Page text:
So, God will cause all of Jesus’ help to prosper as well as his desires.

How does God do this?

In John 14:12-14, Jesus says, “Truly, truly, I say to you, whoever believes in me will also do the works that I do; and greater works than these will he do, because I am going to the Father. Whatever you ask in my name, this I will do, that the Father may be glorified in the Son. If you ask anything in my name, I will do it.”

Speaking of making our home with him, Jesus says in John 15:7, “If you abide in me, and my words abide in you, ask whatever you wish, and it will be done for you.”

In John 15:16, Jesus says, “You did not chose me, but I chose you and appointed you that you should go and bear fruit and that your fruit should abide, so that whatever you ask the Father in my name, he may give it to you.”

As we abide in Jesus and he in us, as Jesus, the Father, and the Holy Spirit make their home, their house, with us, then our prayers become the prayers of Jesus and Jesus’ prayers become our prayers. Therefore, everything we ask we ask in his name. Jesus will do all these things so that the Father is glorified.


2 Samuel 23:6-7 says, “But worthless men are all like thorns that are thrown away, for they cannot be taken with the hand; but the man who touches them arms himself with iron and the shaft of a spear, and they are utterly consumed with fire.”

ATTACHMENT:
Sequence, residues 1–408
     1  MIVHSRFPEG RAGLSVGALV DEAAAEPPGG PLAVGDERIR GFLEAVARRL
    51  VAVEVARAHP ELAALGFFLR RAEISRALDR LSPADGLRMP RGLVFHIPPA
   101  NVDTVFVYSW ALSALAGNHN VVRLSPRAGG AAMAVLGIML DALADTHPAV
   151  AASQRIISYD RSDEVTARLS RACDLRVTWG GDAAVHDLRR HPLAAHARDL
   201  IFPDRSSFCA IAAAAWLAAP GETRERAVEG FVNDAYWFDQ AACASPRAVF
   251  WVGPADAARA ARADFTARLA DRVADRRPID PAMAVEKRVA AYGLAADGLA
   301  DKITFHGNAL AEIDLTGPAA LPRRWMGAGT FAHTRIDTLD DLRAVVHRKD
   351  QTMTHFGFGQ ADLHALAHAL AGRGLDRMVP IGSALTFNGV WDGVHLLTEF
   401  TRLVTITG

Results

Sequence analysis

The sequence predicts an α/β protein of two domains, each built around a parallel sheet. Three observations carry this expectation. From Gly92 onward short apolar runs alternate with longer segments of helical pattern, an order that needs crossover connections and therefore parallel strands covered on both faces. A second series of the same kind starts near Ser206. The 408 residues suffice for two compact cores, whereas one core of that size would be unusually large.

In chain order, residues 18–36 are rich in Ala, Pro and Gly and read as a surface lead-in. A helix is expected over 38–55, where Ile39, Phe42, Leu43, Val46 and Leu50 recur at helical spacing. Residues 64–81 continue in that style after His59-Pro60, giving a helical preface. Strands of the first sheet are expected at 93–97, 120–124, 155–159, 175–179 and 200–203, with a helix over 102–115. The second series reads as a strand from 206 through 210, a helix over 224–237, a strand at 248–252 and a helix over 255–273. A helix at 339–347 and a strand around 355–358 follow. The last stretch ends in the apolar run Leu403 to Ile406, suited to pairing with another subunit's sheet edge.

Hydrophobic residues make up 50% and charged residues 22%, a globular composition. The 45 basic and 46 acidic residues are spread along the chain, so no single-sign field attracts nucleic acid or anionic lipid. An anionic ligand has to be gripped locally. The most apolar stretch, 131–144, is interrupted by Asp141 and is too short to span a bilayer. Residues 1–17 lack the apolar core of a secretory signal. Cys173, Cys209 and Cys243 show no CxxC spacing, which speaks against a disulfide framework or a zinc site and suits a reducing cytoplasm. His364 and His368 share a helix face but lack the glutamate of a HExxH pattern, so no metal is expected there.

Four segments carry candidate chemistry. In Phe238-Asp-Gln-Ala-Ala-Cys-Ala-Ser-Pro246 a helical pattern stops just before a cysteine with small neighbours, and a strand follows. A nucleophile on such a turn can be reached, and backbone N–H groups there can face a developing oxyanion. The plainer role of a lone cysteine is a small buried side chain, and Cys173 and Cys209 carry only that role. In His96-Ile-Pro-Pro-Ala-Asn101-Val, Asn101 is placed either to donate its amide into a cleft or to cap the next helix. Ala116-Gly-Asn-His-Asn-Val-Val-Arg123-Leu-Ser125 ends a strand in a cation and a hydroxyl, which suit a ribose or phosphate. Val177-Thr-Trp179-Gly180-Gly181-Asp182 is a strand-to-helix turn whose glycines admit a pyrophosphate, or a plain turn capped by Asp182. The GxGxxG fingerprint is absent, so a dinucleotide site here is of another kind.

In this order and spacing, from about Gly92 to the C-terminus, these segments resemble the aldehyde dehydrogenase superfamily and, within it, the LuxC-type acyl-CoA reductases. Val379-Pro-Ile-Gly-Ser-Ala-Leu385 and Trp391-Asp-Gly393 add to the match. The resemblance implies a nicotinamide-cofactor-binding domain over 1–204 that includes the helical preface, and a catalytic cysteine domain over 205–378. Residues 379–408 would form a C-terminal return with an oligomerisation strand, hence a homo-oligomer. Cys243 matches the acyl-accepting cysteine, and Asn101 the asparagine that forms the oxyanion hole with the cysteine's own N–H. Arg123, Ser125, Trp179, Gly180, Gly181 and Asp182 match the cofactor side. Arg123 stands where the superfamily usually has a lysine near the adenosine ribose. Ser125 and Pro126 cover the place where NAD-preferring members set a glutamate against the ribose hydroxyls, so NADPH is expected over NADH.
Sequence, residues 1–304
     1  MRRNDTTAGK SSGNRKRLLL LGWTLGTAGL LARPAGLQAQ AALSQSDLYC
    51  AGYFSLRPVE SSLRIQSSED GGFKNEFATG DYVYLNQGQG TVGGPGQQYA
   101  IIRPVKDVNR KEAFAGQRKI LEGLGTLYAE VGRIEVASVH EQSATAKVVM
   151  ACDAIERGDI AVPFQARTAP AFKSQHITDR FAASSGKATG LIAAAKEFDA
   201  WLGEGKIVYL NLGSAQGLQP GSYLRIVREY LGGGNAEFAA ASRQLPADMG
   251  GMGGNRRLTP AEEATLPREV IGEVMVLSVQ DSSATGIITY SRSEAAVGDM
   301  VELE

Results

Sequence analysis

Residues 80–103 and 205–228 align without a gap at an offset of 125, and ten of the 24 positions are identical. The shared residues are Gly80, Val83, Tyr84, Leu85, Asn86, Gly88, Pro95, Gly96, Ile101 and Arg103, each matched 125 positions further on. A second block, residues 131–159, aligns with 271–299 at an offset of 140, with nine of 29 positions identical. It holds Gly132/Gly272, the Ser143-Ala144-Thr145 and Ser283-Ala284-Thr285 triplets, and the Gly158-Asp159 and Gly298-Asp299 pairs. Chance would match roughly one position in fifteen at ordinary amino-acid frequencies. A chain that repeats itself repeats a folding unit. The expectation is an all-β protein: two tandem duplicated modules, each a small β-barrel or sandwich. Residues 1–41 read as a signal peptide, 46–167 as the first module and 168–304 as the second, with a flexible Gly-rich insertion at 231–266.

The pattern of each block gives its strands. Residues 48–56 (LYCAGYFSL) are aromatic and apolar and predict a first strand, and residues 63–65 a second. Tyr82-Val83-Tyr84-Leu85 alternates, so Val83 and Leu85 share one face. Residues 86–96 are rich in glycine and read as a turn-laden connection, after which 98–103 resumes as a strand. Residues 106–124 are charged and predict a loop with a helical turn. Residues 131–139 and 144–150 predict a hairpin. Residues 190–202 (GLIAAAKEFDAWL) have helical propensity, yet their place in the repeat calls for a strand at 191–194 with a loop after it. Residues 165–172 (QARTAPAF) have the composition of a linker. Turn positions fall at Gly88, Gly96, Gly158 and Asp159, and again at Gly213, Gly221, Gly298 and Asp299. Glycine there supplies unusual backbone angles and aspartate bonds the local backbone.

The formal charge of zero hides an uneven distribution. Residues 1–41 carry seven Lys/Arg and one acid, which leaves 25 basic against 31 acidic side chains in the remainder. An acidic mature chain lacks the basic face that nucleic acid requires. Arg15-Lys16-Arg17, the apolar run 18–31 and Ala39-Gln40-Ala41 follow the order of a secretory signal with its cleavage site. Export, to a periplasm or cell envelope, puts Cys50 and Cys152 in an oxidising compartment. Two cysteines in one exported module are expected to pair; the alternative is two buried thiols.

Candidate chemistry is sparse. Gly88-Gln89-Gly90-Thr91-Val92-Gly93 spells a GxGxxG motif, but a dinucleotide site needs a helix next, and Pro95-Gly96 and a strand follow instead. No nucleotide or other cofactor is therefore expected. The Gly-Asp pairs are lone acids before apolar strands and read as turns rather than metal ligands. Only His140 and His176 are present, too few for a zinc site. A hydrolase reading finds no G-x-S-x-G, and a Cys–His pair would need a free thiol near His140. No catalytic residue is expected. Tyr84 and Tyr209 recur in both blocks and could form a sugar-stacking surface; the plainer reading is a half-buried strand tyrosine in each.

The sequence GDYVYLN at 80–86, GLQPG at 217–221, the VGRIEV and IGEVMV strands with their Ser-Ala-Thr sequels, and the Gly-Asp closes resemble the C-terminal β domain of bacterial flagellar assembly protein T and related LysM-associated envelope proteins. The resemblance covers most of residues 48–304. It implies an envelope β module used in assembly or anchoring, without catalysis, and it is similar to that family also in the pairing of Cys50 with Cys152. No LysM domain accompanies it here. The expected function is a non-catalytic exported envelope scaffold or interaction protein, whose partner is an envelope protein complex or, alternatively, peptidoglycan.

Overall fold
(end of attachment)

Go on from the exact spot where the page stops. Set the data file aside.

Worthless men are those that do not bear fruit. Instead of fruit, these men produce thorns, a sort of aborted fruit. Thorny branches cannot be held in the hand.

In John 17:22-24, Jesus said, “The glory that you have given me I have given to them, that they may be one even as we are one, I in them and you in me, that they may become perfectly one, so that the world may know that you sent me and loved them even as you loved me. Father, I desire that they also, whom you have given me, may be with me where I am, to see my glory that you have given me because you loved me before the foundation of the world.”

Those that are one with Jesus and the Father have the glory of Jesus. These are the ones that bear fruit, the glory of God. These were the ones given to Jesus. The ones that Jesus were given he holds in his hands. But, Jesus cannot hold thorny ones in his hand.

Therefore, Jesus says in John 15:2, 6, “Every branch in me that does not bear fruit he takes away…If anyone does not abide in me he is thrown away like a branch and withers, and the branches are gathered, thrown into the fire, and burned.”

Truly the last words of David before he died were prophetically the last words of Jesus the night before he died.